Looking at the character of Elin throughout the film, she never appears happy.  Her life is one of complacency and extreme boredom, which is exemplified in a typical melodramatic teenage fashion.  During the first lunch scene where Elin is eating with her friends, she complains about not wanting to go to Christian’s party.  Her friend asks if she is on her period because she is always irritable.  Elin counters by stating she wants to go to a rave or mug someone.  Her friends tell her that she’s crazy to which Elin screams that everyone is so boring and flops onto the table.  Elin proclaims that everything is so boring and she hates her life.  The feeling of boredom is echoed in her response to Johan announcing that he likes her. Jessica, Elin’s sister, continually reminds her that Johan is a nice guy, a sweet guy and too good for Elin.  She is not attracted to Johan and only dates him in an attempt to not have her private, exciting life with Agnes discovered.  However, in examining her private, exciting life with Agnes, the audience is cued in to realize that Elin is only acting as a lesbian to create the feeling of excitement, not because she is necessarily attracted to women.  For example, Elin first kisses Agnes as a bet with her sister (though she does venture back to apologize), she kisses Agnes a second time while in the presence of an older man (perhaps addressing the male fantasy of being with two women), and only announces her relationship with Agnes because she has no other escape.  Never does Elin proclaim that she likes women or is attracted to women, which Agnes does from the beginning of the film.  The only time the audience is alerted to Elin’s desires for Agnes is when she begins to look at Agnes’ school photo, which is not an example of the lesbian gaze as Henderson suggests, but a representation of Elin looking for excitement in her boring life in Amal.  The excitement that Elin has been craving is achieved in the final line of the film when she announces, “this is my new girlfriend…we’re going to go fuck.”

Henderson’s analysis of Show Me Love as a film which “opens up the possibility of breaking from the mass-mediated culture which provides the social norms for a city like Amal” is disgraceful to the queer culture.  While his interpretation of the film addressing the lesbian gaze in a predominantly male world is correct, the lesbian gaze is from the perspective of Agnes alone.  Elin is only acting as a lesbian for attention and excitement in her boring, complacent world.  Such a film only reinforces a patriarchal status as the lesbian identity. Henderson’s ideal is not fully realized and, once again, queer culture is represented as a minority.

Bille August’s 1983 film Zappa calls attention to the habits people develop based on their environment.  August juxtaposes the wholesome family environment of Bjorn’s world to that of the dysfunctional worlds of Mulle and Sten.  While Bjorn is of a lower-class than Sten, his home life promotes a positive family values and moral responsibility.  Likewise, Mulle’s father tries to instill good moral values into his son, but Mulle and his family are destined to remain in the labor force.  Unlike Bjorn, Mulle is unable to climb the social ladder.  Sten, however, comes from the upper class, but his family is morally corrupt and does not emotionally or physically support Sten.  Like the character of Ingemar in My Life as a Dog, Sten is in the way and is a nuisance to both of his parents.  In his rejected state, Sten rejects his role as a child and morph into a mixture of his environment.  Sten emulates his perception of his father and the only thing that depends on him, Zappa, his fish.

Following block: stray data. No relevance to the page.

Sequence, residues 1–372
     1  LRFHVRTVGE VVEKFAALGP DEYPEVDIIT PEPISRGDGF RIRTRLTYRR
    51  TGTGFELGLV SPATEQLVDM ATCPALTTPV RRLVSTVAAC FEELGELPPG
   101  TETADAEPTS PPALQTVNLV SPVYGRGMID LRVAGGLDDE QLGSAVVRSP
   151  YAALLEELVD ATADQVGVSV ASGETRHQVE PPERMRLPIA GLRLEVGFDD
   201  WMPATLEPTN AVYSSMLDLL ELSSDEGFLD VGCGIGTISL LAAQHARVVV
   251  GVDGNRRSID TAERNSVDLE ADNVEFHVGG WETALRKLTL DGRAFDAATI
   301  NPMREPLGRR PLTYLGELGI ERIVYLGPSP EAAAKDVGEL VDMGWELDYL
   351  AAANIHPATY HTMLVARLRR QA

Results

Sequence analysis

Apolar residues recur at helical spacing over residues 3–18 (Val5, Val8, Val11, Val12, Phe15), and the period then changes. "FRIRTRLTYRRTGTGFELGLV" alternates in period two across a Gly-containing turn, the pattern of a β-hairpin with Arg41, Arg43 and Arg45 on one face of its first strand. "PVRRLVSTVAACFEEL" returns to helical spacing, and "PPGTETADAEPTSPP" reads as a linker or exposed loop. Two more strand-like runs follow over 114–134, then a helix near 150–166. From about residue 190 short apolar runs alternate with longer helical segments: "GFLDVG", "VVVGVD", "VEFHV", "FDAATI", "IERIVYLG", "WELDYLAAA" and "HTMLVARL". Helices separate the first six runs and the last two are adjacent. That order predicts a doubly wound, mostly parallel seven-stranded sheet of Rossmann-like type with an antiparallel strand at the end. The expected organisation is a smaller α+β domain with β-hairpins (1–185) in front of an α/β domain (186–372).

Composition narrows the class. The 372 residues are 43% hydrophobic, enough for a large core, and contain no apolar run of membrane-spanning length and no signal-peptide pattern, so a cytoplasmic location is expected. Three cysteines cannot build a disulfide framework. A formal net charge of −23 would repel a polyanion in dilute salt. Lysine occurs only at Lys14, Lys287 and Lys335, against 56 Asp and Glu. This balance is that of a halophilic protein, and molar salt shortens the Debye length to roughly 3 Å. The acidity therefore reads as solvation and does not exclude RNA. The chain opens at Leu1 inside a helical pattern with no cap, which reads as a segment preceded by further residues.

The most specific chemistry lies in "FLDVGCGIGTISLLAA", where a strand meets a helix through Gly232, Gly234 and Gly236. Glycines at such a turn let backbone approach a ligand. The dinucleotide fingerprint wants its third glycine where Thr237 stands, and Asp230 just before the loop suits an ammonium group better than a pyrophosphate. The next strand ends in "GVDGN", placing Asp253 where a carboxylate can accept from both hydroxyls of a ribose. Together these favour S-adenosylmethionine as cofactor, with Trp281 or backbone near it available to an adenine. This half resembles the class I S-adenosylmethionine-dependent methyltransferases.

In examining the psychological state of Sten’s being we must look at both his environment and relationship to Zappa.  In Sten’s personal space, his bedroom, the audience is cued to notice the adult features: the room has wood paneling half way up the walls, there are animal skins on the walls as art, the space is dominated by a huge desk in the center, and it is dull except from a single desk lamp and the vibrant glow of Zappa’s tank.  When in his space, Sten and company drink ‘neat martinis.’ The aura the location projects is that of an adult male’s study, similar to the study of Don Corleone in The Godfather and one the audience could imagine as Sten’s father’s study. When in his space, Sten is as powerful as his father. He too can act on his desires without regard for others.  He too can command and control the weak.  And then there is Zappa.  Zappa needs live bait to eat.  He feeds on the weak, similar to Sten’s father.

The combination of how important one’s pet and father is during adolescence is witnessed in the characters of Mulle and Sten.  The difference in these two boys is the nature of both their father and pet.  Gogge and Mulle’s father are gentile and simple.  Zappa and Sten’s father feed on the weak for their own benefit.  The audience can view the children as products of their environment based on their actions.  Mulle know stealing is wrong, but believes that if he can get in with the upper class he might be able to elevate his own social status.  Sten sees that it is natural for the strong to violate the weak to his or her own gain and does so by controlling Mulle and Bjorn.  Bjorn, however, rejects both paths by taking back his freedom.  He fights against his captor, refusing to compromise his values any further.

At the moment when Sten kills Gogge, Mulle loses his ability to fight against his captor.  Mulle becomes cemented in his social role, which is expressed in the scene with Mulle and his father at the factory.  It is with the same action that Bjorn is able to fight against his captor and take back his freedom.  Bjorn knows that emotional connection Sten feels towards Zappa is Sten’s weakness, like Gogge was to Mulle.  By violently stepping on Zappa, Bjorn breaks free from his oppressor and is liberated to reclaim his higher moral value.  Each character is a product of their environment, but August reminds audiences that by taking back the power we too can reclaim our freedom.